The chart shows allocations made by fund managers in equities. Graphic: Mint
The gap between profit expectations and market valuations is widening globally. In a June 2017 Bank of America Merrill Lynch (BofA ML) survey, 44% of global fund managers said that equities were overvalued, the highest response on record. At the same time, 43% said that global profits will be higher in a year, down from 58% in January. The survey warned, “‘Excess valuation’ coinciding with high global profit expectations shows that market vulnerability to profit weakness is very high.”
In the July survey, 41% said that profits will be higher in a year, the lowest proportion since the US election. And in August, only 33% said profits would improve over the next 12 months, while 46% said that equity markets were overvalued, a record high.
The survey warns in its August survey of an “ominous inflection point in its profits expectations indicator” and that a further deterioration was likely to cause risk-off trades.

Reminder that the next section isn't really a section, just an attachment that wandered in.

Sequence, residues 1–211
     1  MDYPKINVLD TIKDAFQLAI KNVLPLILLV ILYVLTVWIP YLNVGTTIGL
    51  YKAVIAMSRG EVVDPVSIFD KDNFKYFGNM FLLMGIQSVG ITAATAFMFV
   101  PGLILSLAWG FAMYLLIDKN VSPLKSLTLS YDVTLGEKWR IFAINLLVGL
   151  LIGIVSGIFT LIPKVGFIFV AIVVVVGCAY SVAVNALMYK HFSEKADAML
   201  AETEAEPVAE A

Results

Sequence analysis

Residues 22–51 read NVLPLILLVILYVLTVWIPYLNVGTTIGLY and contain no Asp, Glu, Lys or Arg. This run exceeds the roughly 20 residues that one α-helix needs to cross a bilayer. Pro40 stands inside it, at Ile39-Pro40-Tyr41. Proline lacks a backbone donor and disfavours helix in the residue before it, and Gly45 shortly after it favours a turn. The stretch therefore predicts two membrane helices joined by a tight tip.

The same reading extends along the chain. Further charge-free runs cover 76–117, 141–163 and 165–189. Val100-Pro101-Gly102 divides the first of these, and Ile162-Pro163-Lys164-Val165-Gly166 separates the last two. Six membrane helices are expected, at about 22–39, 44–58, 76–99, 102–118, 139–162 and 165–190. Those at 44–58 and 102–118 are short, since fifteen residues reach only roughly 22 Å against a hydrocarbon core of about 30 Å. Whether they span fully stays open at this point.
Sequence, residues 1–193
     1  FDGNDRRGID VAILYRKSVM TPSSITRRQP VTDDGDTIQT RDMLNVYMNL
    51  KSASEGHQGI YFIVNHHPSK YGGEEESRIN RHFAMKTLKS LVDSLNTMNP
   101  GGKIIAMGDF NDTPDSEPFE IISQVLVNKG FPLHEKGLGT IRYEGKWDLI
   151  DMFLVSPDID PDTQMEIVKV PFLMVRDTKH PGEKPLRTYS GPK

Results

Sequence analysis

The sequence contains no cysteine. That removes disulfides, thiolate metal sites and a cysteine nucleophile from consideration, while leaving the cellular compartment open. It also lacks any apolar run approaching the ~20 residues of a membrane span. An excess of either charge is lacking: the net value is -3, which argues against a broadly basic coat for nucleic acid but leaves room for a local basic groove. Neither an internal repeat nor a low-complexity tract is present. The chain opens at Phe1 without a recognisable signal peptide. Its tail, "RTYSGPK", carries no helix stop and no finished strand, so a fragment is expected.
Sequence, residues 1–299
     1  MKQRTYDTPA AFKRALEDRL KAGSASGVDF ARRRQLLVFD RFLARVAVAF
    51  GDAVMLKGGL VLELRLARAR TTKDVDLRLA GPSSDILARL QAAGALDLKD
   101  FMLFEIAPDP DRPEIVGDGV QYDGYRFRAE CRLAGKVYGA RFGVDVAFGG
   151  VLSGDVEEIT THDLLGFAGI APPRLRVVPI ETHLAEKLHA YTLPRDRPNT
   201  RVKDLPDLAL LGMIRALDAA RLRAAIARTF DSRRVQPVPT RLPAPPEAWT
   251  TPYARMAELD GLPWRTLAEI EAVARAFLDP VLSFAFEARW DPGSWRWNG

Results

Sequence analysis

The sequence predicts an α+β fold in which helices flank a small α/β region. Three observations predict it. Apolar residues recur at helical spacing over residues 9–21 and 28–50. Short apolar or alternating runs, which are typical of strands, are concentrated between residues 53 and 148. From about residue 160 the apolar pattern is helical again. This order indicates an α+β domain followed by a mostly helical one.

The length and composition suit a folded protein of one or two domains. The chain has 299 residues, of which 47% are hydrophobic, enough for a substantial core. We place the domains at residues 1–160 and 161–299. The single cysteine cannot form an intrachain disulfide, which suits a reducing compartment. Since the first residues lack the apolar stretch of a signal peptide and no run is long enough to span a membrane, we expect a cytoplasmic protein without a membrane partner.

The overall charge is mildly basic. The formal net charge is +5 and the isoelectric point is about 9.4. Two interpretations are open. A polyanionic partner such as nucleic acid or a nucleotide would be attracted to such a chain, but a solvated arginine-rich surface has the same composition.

Yet, the survey said that their “sell” button had not been triggered, because fund managers were sitting on a large pile of cash. The similarities with Indian markets are obvious: in India too, there have been many voices saying the markets are overvalued and profit expectations are falling, but at the same time, cash continues to flow into equities.
The chart shows allocations made by fund managers in equities. In August, the eurozone continues to attract the most fund managers, followed by emerging markets and Japan. UK equities are the most unloved, according to the BofA ML survey.